This will be the first in a series of thoughts on the state of serviceability and repair in the products we consume. If it feels like the thing you bought last week is appreciably worse than the same product was 10 years ago, you’re probably right. Whether it’s toasters, washing machines, or cars, the quality of our objects has slowly but surely fallen off.
There’s plenty of reporting on this matter, but it’s typically shown framed for the average consumer, as opposed to a more architectural context. With the increases in mechanical systems integrated into the performance of modern buildings, this is a trend worth considering and designing around.
As a basic example, I’m currently shopping for a new vacuum cleaner and running into the planned obsolescence of many of the cheaper models available. If I were to spring for a $700+ model like a Miele, I could rest assured that it will last and perform for many years to come, but the $100 options are likely to only last me a year or two. A frustrating personal decision, but ultimately indicative of a larger shift in how our things are made.
One of the primary causes for this move away from repairability is the integration of silicon chips into more and more household gadgets. These chips allow for the complex function and interconnectivity we’ve come to expect, but also move us further away from the simple analog systems of yore. Those analog versions tend to be simpler and easier to repair, despite a slight lack in initial performance or sheen. To me, that lack of sheen is a worthy tradeoff, so long as the items can withstand the test of time.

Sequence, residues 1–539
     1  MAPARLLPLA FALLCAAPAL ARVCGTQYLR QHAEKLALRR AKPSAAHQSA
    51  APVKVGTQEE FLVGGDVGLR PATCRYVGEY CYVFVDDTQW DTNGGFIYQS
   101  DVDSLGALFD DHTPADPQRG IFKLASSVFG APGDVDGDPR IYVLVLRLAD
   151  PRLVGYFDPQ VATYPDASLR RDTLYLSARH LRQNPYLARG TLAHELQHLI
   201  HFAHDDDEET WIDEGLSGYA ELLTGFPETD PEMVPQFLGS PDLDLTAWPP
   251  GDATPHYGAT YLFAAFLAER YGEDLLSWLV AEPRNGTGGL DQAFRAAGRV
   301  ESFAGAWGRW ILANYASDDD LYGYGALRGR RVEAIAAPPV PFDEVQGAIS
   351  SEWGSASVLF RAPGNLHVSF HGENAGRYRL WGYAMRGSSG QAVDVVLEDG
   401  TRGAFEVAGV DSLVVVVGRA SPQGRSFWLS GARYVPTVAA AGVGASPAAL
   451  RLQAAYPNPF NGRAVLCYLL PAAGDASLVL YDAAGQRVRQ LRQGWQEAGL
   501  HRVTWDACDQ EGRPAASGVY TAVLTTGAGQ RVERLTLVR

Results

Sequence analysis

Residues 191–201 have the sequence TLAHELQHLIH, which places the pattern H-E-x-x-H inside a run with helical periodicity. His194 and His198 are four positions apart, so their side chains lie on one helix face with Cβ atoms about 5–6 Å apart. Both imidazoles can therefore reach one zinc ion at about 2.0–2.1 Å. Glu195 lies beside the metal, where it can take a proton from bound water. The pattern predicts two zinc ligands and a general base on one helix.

In an architectural context, this decision can look a few different ways. Do you choose the higher-cost windows that seem extraneous at first, but save thousands in energy costs over the next few years? Do you skimp on your water heater, or try to save on repair costs down the line? These are the consultations a good architect can provide, parsing out the value and long-term viability of all these choices, resulting in a home that better serves you.
For a full-fledged primer on the topic, I’d highly recommend a read of Vox’s excellent piece on the